Dickey: Frigid weather and baseball don’t mix 

Is the World Series finally over? I didn’t watch an inning. I don’t even care that the New York Yankees won, and this is a team I’ve hated since I first started following baseball. This is football season, college and pro, not baseball.

The World Series should be played in early October, as it was before Bud Selig became commissioner. At this point, the NFL is in midseason. College football teams are pointing to bowl games. It’s no time for baseball.

Even before Selig, the season had been expanded to 162 games, but he’s made other changes, including breaking the leagues into divisions, adding the wild card and extending spring training, which have caused the baseball calendar to end much later.

This is a commissioner who is always telling people he loves baseball, but he has no regard for the game’s traditions.

More than any other sport, baseball fans revere the game’s traditions. The NFL changes rules every year, and fans don’t care — or even know. Basketball isn’t remotely the game it was 50 years ago.

But many baseball fans, mostly those who follow National League games, hate the designated hitter rule, the only really significant rule change in baseball. Many hate the idea of instant replay, though the postseason games this year show the need for them.

They hate change of any kind in their favorite sport.

Selig should have learned his lesson about the World Series. He and the players association played a game of chicken in 1994, which resulted in the cancellation of the World Series. Many fans were so upset that they never came to another game. It wasn’t until the great home run race of 1998, when Mark McGwire and Sammy Sosa both shattered Roger Maris’ single-season mark of 61, that baseball attendance recovered.

But now Selig is tampering again with baseball’s crown jewel, just to bring in more money for owners who are already rich beyond the dreams of fans.

All sports seasons are too long. A friend pointed out to me that the NHL season is so long that a woman could conceive a child on opening night and deliver before the Stanley Cup was over.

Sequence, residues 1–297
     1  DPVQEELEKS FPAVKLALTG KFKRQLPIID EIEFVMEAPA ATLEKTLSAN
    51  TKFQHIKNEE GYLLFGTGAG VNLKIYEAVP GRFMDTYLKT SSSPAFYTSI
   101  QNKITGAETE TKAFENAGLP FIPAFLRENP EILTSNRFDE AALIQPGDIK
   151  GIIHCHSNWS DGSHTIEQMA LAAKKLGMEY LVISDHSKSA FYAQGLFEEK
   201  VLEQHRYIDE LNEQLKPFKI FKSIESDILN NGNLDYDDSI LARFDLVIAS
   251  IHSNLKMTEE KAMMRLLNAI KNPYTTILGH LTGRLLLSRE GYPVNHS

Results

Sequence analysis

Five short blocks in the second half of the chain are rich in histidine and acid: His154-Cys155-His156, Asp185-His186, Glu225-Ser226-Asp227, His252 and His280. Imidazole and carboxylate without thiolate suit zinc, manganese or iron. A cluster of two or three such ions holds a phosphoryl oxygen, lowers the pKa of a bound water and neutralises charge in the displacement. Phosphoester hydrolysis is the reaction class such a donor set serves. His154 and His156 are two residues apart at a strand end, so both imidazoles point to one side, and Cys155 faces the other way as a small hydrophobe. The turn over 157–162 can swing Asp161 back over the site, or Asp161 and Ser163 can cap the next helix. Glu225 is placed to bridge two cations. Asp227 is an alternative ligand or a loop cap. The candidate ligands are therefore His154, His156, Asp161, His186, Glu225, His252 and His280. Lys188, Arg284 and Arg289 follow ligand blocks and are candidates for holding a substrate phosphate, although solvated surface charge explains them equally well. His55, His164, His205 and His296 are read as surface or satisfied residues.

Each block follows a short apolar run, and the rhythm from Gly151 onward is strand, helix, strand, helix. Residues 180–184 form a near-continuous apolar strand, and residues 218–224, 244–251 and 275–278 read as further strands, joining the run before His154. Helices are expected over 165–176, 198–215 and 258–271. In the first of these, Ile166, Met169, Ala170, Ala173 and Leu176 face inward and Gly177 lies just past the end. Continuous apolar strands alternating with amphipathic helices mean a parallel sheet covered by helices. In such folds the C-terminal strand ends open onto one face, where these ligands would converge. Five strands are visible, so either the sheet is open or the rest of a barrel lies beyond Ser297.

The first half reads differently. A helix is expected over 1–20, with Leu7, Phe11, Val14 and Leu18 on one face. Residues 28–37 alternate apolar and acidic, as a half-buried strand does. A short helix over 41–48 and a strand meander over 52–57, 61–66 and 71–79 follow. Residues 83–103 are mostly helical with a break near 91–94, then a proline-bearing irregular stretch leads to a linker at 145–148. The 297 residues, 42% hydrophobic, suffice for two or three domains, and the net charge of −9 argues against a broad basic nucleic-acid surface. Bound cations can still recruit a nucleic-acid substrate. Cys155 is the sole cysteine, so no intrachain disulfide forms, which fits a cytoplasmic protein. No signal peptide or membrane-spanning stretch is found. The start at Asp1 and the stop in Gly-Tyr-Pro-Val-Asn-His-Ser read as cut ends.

The NBA season, with playoffs, stretches into June. The NFL plays its Super Bowl in February. But the first two sports are played indoors and the Super Bowl can be scheduled for domed stadiums.

Baseball is the game most affected by weather because cold hands bother pitchers, hitters and fielders. It’s not the precision game it should be when it’s played on cold nights in November, as it was this year.

There are certain givens in this situation. Owners are not going to cut the season back to 154 games because they’d lose revenue — and players wouldn’t agree to reduce their salaries proportionately. The divisional playoffs and wild cards won’t change.

But there are changes that can be made. Spring training should be cut back so the season could start earlier, and in warm weather cities so there would be less chance of postponed games. Teams should schedule day/night doubleheaders, with separate tickets so there would be no loss of revenue.

With those changes, the regular season could end in mid-September and, even with the playoffs, the World Series would be in October, where it belongs.

And, we wouldn’t have to wonder who would be “Mr. November.” Ugh.

Glenn Dickey has been covering Bay Area sports since 1963 and also writes on www.GlennDickey.com. E-mail him at glenndickey@hotmail.com.

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Glenn Dickey

Glenn Dickey

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